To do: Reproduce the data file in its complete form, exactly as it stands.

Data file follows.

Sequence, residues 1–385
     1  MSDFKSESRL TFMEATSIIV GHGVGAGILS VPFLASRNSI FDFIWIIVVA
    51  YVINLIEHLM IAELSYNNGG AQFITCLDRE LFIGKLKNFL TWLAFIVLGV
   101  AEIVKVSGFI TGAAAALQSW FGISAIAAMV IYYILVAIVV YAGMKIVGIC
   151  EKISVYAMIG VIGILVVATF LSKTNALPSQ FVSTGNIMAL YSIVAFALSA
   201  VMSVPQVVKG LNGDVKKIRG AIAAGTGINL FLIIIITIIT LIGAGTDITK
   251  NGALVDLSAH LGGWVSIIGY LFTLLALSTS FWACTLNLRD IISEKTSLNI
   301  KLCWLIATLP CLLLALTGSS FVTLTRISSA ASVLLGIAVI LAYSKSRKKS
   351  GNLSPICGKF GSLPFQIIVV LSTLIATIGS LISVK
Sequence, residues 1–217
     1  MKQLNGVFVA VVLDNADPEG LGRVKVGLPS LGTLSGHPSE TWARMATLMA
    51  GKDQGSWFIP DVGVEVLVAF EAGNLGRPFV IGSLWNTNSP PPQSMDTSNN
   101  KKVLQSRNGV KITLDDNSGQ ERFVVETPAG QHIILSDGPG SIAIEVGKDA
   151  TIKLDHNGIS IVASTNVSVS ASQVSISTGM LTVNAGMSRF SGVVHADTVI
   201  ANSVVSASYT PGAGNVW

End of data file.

Sequence, residues 1–385
     1  MSDFKSESRL TFMEATSIIV GHGVGAGILS VPFLASRNSI FDFIWIIVVA
    51  YVINLIEHLM IAELSYNNGG AQFITCLDRE LFIGKLKNFL TWLAFIVLGV
   101  AEIVKVSGFI TGAAAALQSW FGISAIAAMV IYYILVAIVV YAGMKIVGIC
   151  EKISVYAMIG VIGILVVATF LSKTNALPSQ FVSTGNIMAL YSIVAFALSA
   201  VMSVPQVVKG LNGDVKKIRG AIAAGTGINL FLIIIITIIT LIGAGTDITK
   251  NGALVDLSAH LGGWVSIIGY LFTLLALSTS FWACTLNLRD IISEKTSLNI
   301  KLCWLIATLP CLLLALTGSS FVTLTRISSA ASVLLGIAVI LAYSKSRKKS
   351  GNLSPICGKF GSLPFQIIVV LSTLIATIGS LISVK
Sequence, residues 1–217
     1  MKQLNGVFVA VVLDNADPEG LGRVKVGLPS LGTLSGHPSE TWARMATLMA
    51  GKDQGSWFIP DVGVEVLVAF EAGNLGRPFV IGSLWNTNSP PPQSMDTSNN
   101  KKVLQSRNGV KITLDDNSGQ ERFVVETPAG QHIILSDGPG SIAIEVGKDA
   151  TIKLDHNGIS IVASTNVSVS ASQVSISTGM LTVNAGMSRF SGVVHADTVI
   201  ANSVVSASYT PGAGNVW